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I'm not an expert on lower-level non-object-oriented programming languages, and I'm in the middle of writing some C code for a project at work. I'm trying to create some decent abstract data types to work with, and Googling around made me realize that people use struct-based ADT's in two ways. Some people define a data type as a struct:

typedef struct adt {
    //content here
} adt;

and expose it to the world in the header file.

Others define a data type as a pointer to struct:

// In .c file:
typedef struct adt_s {
    //content here
} adt_s, *adt;


// In .h file:
typedef struct adt_s *adt;

I understand that this approach allows you to typedef a struct without giving the outside world any knowledge of what's inside this struct, so programmers can only use functions supplied in the same header file to operate on this data type.

Are there an other reasons to pick on over the other? Is there a general "rule of thumb" for when the define ADT's as structs and when do we define them as pointers to structs?

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3 Answers 3

up vote 6 down vote accepted

You can forward declare a struct without typedef too - the only distinctions are:

  • whether the interface looks cleaner with or without the keyword struct
  • whether the interface looks cleaner with or without the explicit pointer *

Eg.

struct S1;
typedef struct S2 S2;
typedef struct S3_s *S3;

void foo1(struct S1 *arg);
void foo2(S2 *arg);
void foo3(S3);

Obviously this only applies for forward-declared structures in an interface header.

If you're not hiding the structure implementation in the first place, choosing between S1 and S2 is a matter of preference (or consistency). I wouldn't use S3 unless it's a really opaque/hidden type.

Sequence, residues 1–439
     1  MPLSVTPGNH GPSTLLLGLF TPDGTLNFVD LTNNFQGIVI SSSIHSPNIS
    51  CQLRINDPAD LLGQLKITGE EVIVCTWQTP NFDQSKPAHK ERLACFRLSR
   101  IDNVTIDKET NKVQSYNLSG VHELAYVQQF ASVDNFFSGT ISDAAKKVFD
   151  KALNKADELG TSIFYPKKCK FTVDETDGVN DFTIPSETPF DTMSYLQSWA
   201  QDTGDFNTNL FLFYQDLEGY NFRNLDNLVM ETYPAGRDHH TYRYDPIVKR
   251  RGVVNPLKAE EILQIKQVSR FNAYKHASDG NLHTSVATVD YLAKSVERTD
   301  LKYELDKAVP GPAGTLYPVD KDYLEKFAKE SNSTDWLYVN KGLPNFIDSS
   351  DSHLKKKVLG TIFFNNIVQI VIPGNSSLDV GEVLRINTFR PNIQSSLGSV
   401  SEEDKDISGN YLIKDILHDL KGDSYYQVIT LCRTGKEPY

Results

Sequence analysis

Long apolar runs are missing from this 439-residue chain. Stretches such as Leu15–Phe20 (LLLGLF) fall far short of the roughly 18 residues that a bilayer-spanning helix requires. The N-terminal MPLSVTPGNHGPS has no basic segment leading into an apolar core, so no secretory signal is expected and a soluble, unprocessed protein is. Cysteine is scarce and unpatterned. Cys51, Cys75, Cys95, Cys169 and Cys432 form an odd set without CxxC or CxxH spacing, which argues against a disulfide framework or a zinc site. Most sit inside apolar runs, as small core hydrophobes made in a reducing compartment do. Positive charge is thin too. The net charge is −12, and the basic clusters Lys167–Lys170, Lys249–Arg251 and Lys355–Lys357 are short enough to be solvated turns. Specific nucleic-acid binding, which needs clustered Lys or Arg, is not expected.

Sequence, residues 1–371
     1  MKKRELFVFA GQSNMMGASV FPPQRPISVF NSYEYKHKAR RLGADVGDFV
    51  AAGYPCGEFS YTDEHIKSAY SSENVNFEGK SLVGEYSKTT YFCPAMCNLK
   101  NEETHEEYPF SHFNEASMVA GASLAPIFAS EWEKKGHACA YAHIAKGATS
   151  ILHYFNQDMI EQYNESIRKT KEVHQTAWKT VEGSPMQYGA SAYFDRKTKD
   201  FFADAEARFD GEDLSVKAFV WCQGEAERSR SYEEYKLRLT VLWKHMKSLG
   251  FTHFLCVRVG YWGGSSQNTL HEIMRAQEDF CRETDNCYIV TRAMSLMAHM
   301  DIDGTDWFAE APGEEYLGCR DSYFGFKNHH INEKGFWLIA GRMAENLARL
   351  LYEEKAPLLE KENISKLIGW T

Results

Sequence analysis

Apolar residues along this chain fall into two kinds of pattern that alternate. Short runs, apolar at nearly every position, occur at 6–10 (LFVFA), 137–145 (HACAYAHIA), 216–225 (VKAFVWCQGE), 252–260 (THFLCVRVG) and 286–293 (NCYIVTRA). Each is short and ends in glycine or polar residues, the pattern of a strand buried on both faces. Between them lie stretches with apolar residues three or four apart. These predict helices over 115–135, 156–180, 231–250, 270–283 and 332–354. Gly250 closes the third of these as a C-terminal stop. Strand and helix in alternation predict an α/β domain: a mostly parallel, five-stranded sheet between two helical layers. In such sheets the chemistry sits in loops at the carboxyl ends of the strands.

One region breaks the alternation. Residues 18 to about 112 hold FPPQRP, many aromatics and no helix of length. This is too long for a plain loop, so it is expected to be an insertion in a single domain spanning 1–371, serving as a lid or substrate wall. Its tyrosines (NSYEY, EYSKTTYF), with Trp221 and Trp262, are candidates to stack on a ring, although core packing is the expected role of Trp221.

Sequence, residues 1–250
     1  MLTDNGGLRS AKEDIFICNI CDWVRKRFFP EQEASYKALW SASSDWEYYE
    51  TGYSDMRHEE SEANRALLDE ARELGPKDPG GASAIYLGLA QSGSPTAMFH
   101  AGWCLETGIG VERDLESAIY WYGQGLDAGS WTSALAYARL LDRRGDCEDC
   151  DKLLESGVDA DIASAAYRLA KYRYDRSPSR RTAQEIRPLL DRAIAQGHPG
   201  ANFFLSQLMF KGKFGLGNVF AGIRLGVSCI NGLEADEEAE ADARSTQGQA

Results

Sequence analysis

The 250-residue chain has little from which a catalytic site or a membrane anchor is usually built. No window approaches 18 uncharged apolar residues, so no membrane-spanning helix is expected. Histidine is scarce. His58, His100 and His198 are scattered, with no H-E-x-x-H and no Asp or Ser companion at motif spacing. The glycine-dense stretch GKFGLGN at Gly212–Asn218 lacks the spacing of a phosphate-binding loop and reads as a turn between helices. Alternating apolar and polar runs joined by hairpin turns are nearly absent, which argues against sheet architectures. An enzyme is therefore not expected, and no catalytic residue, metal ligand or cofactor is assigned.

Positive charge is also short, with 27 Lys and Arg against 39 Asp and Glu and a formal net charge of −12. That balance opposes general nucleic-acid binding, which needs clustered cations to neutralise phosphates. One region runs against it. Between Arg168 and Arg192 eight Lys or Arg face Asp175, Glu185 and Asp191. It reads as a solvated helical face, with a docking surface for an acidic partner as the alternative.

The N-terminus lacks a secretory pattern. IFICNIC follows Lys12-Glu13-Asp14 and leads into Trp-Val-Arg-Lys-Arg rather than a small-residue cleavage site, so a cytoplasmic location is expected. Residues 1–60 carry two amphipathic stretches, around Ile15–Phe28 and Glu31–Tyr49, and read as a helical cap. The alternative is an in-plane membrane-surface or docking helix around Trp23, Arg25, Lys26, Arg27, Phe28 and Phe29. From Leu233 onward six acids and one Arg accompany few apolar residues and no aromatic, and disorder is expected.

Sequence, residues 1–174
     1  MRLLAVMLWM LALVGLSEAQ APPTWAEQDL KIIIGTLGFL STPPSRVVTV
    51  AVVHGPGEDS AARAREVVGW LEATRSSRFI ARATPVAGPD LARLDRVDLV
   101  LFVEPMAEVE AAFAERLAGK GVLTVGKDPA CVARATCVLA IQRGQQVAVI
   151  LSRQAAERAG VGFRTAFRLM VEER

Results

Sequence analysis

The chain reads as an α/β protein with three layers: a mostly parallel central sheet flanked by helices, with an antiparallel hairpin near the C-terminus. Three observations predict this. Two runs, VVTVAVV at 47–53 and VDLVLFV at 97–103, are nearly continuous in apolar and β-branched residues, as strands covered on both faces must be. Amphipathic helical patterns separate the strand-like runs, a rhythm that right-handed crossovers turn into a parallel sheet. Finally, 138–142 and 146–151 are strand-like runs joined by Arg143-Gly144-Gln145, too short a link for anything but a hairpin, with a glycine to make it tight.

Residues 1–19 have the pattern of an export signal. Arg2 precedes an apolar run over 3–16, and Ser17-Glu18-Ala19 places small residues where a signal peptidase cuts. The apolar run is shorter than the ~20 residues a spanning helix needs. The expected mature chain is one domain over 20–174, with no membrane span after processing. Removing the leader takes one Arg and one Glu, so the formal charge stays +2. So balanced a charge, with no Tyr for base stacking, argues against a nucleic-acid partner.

Personal preference would be to use S1 (explicit struct keyword) for big/complex aggregates, and S2 for small structs you might treat like values and not always pass by pointer. YMMV.

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For readability purposes maybe it's better to write typedef struct S3_s* S3 instead of typedef struct S3_s *S3, no ? –  Eregrith Feb 15 '12 at 16:17
    
@Eregrith: if you go by formal language semantics, typedef struct S3_s *S3 says that the declarator *S3 has type struct S3_s and storage class typedef, so putting the asterisk with the identifier is actually idiomatic; however, putting the asterisk with the type is more in tune with how many (most?) people think about declarations; as far as I'm concernded, both versions are fine as long as you're consistent... –  Christoph Feb 15 '12 at 16:31
    
I just selected that spacing for consistency with the OP, since I can see benefits either way. –  Useless Feb 15 '12 at 16:36

The decision to hide or not to hide rests entirely with you as the designer of your library. If you would like to reserve the right to change your struct at will in the future, you should not be exposing any of its members to "the world". If you are providing a struct as means to communicate with your library in the first place (for example, a struct representing a point in 3D), then you cannot hide its members from the world, as it would defeat the purpose.

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read the Linus Torvalds post Chapter 5: Typedefs

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